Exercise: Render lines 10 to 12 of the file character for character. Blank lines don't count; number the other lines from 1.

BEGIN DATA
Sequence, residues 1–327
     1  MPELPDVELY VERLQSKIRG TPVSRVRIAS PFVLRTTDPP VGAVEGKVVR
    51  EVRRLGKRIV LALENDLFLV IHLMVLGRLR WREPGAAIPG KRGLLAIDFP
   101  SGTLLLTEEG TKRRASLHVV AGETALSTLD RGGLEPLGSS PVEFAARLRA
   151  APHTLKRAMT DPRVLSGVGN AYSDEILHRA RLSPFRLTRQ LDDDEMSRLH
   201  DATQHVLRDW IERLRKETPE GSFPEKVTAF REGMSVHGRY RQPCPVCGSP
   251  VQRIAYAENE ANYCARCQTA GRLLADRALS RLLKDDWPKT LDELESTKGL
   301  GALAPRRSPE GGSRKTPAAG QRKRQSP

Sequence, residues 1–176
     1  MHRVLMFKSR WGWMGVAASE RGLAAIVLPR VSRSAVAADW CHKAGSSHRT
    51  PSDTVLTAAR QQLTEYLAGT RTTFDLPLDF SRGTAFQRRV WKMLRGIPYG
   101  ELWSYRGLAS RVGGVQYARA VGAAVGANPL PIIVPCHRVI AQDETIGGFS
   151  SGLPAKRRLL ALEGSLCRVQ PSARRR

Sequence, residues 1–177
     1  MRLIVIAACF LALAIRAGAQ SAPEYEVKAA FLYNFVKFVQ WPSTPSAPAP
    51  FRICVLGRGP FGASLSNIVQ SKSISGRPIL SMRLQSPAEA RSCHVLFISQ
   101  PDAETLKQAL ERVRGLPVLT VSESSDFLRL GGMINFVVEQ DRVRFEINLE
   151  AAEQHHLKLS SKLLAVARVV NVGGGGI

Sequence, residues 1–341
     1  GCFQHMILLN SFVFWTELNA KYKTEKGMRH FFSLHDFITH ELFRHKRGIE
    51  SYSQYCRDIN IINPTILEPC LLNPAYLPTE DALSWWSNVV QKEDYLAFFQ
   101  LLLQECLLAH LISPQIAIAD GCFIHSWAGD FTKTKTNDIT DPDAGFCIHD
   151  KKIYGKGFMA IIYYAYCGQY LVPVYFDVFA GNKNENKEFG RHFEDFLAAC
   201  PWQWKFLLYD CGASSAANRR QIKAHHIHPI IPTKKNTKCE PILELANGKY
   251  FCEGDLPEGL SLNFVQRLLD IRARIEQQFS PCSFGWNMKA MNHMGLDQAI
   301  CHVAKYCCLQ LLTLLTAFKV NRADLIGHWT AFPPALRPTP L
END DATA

     1  MHRVLMFKSR WGWMGVAASE RGLAAIVLPR VSRSAVAADW CHKAGSSHRT
    51  PSDTVLTAAR QQLTEYLAGT RTTFDLPLDF SRGTAFQRRV WKMLRGIPYG
   101  ELWSYRGLAS RVGGVQYARA VGAAVGANPL PIIVPCHRVI AQDETIGGFS